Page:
For Safeties It’s All About Angles

By: Chad Wilson
IG:
@alleyesdbcamp

Sometimes playing safety you can feel like Will Smith in the final episode of The Fresh Prince when he was alone in the living room with everyone and everything gone. There’s a lot of room back there and at times it can feel like you are the only one to cover it. Sometimes that may be true.

Having to cover all of that space whether it be off the hash, in the post or coming down in the alleys can be daunting. If you don’t do it effectively, the results for the defense can be disaster in the form of a long run or pass play. If you want to be consistently effective in covering the space required as safety, one must be skilled in using what is known as angles.

So much of what defensive backs do is made better by using proper angles but that is more true for safeties than anything else. Most of the mistakes in coverage by safeties outside of poor eye discipline can be traced back to taking poor angles to the football. How many times have you seen a safety take a poor path to a football and either hit their own player or miss judge the football allowing it to fall into the hands of the wide receiver?

Another common mistake by safeties comes when they don’t move from one zone to the other before the ball is thrown using the proper angle thus setting themselves up for failure before the moment of truth. Poor movement at the snap or while a play is developing puts a safety at a disadvantage once the ball is put in the air. When this occurs, the safety has a hard time adjusting to and finding the football vs. the wide receiver who has been tracking the ball almost since the time it left the quarterback’s hand.

The final way that we see poor angles betray the safety is when they are showing up in the run game. Run plays that come through the line of scrimmage or in the alleys (space between the offensive line and the wide receivers) require the supporting safety to make a tackle. One of the biggest keys to making the play is taking a proper angle to the ball carrier to be in position to use your tackling fundamentals.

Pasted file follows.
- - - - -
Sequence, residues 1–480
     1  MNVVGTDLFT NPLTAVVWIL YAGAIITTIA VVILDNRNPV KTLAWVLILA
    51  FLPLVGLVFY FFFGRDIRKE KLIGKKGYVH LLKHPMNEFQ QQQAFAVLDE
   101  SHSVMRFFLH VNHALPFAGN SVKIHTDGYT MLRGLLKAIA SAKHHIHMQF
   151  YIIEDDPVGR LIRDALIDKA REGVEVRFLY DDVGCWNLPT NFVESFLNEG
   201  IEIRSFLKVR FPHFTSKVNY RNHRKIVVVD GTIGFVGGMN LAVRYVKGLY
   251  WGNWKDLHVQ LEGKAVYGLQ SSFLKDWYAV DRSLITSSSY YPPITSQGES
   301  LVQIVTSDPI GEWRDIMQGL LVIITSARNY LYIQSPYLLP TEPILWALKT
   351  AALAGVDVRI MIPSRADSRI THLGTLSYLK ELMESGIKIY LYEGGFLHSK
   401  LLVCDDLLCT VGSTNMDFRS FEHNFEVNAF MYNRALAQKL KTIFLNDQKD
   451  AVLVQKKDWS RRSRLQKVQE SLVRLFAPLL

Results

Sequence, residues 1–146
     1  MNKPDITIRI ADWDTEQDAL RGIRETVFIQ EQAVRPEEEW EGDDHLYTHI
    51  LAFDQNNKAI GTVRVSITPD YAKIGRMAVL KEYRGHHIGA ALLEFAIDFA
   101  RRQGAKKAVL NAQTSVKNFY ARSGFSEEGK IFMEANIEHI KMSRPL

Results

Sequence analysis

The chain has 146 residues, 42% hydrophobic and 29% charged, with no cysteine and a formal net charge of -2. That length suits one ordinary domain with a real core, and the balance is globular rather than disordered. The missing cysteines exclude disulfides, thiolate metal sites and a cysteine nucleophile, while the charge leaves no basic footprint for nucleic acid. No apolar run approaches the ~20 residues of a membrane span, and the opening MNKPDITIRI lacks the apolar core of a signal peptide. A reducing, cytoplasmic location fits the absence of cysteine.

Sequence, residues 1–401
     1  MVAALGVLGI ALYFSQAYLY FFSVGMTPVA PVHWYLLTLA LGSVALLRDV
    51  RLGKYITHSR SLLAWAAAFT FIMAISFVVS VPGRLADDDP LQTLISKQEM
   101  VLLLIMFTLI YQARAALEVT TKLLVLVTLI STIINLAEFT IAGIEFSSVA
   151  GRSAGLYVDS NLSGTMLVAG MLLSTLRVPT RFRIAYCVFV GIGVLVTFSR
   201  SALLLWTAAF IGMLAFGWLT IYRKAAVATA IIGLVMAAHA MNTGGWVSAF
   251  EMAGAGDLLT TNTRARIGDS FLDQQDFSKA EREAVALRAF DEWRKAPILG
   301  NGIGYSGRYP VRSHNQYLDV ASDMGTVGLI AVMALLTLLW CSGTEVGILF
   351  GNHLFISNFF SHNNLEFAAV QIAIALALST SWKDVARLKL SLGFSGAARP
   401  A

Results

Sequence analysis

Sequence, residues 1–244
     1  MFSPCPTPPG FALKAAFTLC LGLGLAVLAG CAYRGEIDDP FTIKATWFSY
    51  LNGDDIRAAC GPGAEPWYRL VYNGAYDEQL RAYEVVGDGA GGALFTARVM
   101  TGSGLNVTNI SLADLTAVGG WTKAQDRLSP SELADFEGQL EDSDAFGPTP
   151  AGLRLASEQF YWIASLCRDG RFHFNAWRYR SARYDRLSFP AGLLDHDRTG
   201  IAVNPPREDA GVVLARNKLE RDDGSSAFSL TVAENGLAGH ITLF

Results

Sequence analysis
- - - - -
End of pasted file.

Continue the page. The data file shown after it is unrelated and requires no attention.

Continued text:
As a safety, you must be constantly aware of the angles you are taking. Your path to the football or to your area of coverage should not be taken for granted. Taking proper angles is also something that should be practiced. If you do not get any special work on taking angles in coverage during practice then you already know what you should be doing either before or after practice. Safeties should be getting extended practice on buzzing from the hash to the post and vice versa. They should also get work on using their weave to mirror the looks and movements of the quarterback. Along with that, taking the proper angle once the ball is thrown to move in on the throw with the proper body positioning for them to make a play on it.

Playing safety is similar to play the outfield in baseball. When the ball is hit off of the bat, your ability to catch the ball depends on your path to the ball. Your initial steps are crucial. Practicing moving at 45 degree angles to get to the football while also judging the flight of the ball is crucial. As a safety you must have a great deal of amount of deep balls thrown to you in practice and training.

Finally, open field tackling is an important skill for a safety. If you are not getting enough work individually on this skill in practice then you will have to amp up your focus on doing this during the team periods of practice. Often times, safeties see a heavy run session during a team period as a time to take off. Don’t do that. This is a time for you to put an emphasis on taking proper angles to the ball carrier even though you are not going to actually take him to the ground. Making a tackle really has a lot to do with the set up. The set up is the approach and coming to balance on the ball carrier. Don’t waste those team reps when there is a running play by just going through the motions to tag off on the runner. Sprint to the ball carrier using the proper angle whether that is giving him a one way go on a run coming right at you or using the sidelines as your friend to pin the ball carrier.

Being a good safety includes being a complete safety. You don’t want to be the guy who misjudges balls in flight or misses open field tackles regularly because you don’t understand how angles are everything when covering space vs. fast moving athletes. Continuing to fail at these tasks will eventually lead to your view angle of the came coming from the sidelines.

Author: Chad Wilson

Chad Wilson is the owner of All Eyes DB Camp. He played college football at the University of Miami and briefly in the NFL for the Seattle Seahawks. Over his 15 year high school football coaching career, he tutored over a dozen Division I defensive backs and as a trainer has worked with NFL All Pros, first round draft picks, college football all americans and Top 10 ranked high school football prospects.

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